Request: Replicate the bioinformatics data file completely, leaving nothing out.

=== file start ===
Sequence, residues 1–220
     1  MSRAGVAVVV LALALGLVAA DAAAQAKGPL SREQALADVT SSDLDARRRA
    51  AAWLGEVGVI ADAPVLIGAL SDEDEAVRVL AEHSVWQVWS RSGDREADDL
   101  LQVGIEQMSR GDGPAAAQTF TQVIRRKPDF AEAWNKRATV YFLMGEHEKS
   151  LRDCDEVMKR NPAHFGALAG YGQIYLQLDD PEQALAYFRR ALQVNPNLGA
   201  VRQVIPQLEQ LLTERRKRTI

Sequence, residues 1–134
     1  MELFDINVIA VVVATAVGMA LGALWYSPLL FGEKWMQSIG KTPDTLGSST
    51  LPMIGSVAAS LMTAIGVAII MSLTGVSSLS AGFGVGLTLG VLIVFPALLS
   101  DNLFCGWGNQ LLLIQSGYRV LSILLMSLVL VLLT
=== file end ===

Sequence, residues 1–220
     1  MSRAGVAVVV LALALGLVAA DAAAQAKGPL SREQALADVT SSDLDARRRA
    51  AAWLGEVGVI ADAPVLIGAL SDEDEAVRVL AEHSVWQVWS RSGDREADDL
   101  LQVGIEQMSR GDGPAAAQTF TQVIRRKPDF AEAWNKRATV YFLMGEHEKS
   151  LRDCDEVMKR NPAHFGALAG YGQIYLQLDD PEQALAYFRR ALQVNPNLGA
   201  VRQVIPQLEQ LLTERRKRTI

Sequence, residues 1–134
     1  MELFDINVIA VVVATAVGMA LGALWYSPLL FGEKWMQSIG KTPDTLGSST
    51  LPMIGSVAAS LMTAIGVAII MSLTGVSSLS AGFGVGLTLG VLIVFPALLS
   101  DNLFCGWGNQ LLLIQSGYRV LSILLMSLVL VLLT